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When We Were Soilders: Dealing with PTSD

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"The soldier, above all other people, prays for peace, for he must suffer and bear the deepest wounds and scars of war."
-General Douglas MacArthur
 

After 10 years of war on two fronts there are wounds that can not be seen. PTSD can make somebody hard to be with. Living with someone who is easily startled, has nightmares, and often avoids social situations can take a toll on the most caring family. Early research on PTSD has shown the harmful impact of PTSD on families. This research showed that Vietnam Veterans have more marital problems and family violence. Their partners have more distress. Their children have more behavior problems than do those of Veterans without PTSD. Veterans with the most severe symptoms had families with the worst functioning.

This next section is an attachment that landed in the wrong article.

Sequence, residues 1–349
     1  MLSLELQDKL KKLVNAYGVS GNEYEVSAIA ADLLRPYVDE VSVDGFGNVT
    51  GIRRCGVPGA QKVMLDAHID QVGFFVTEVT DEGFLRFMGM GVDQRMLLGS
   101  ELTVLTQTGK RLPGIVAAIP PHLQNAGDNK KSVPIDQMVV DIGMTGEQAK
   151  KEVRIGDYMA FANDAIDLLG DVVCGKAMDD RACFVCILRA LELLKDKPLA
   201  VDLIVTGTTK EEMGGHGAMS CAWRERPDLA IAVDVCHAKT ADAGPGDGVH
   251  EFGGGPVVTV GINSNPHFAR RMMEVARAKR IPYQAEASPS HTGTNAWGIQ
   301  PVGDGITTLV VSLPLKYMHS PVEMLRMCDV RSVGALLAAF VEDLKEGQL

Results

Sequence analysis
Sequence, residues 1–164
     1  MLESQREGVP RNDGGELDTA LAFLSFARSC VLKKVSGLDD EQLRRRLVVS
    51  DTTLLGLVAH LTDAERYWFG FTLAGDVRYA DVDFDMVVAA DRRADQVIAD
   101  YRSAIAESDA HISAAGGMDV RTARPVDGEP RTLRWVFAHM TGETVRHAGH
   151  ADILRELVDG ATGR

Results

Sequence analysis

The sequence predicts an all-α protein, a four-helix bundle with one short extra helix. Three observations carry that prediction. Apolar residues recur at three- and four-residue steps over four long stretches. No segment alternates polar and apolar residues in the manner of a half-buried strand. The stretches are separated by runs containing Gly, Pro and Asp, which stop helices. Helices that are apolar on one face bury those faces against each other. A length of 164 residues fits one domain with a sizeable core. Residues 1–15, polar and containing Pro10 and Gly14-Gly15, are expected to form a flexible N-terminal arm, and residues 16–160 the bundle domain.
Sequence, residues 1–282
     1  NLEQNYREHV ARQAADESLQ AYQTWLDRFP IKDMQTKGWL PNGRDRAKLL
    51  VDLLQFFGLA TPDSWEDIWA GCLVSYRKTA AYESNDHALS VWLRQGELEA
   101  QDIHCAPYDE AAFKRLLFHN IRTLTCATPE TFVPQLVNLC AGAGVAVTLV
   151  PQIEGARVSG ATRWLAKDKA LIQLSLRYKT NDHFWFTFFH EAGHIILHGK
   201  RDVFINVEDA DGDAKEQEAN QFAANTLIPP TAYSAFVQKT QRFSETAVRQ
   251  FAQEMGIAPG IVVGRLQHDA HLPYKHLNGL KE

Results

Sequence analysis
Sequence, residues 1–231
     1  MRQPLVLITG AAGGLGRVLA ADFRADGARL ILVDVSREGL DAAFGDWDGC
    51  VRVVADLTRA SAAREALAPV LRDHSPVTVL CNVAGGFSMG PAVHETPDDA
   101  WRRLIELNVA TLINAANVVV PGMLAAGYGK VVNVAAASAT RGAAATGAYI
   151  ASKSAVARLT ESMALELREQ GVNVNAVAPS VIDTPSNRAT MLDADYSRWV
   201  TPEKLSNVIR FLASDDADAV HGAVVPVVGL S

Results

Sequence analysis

How does PTSD have such a negative effect? It may be because those suffering with PTSD have a hard time feeling emotions. They may feel detached from others. This can cause problems in personal relationships, and may even lead to behavior problems in their children. The numbing and avoidance that occurs with PTSD is linked with lower satisfaction in parenting.

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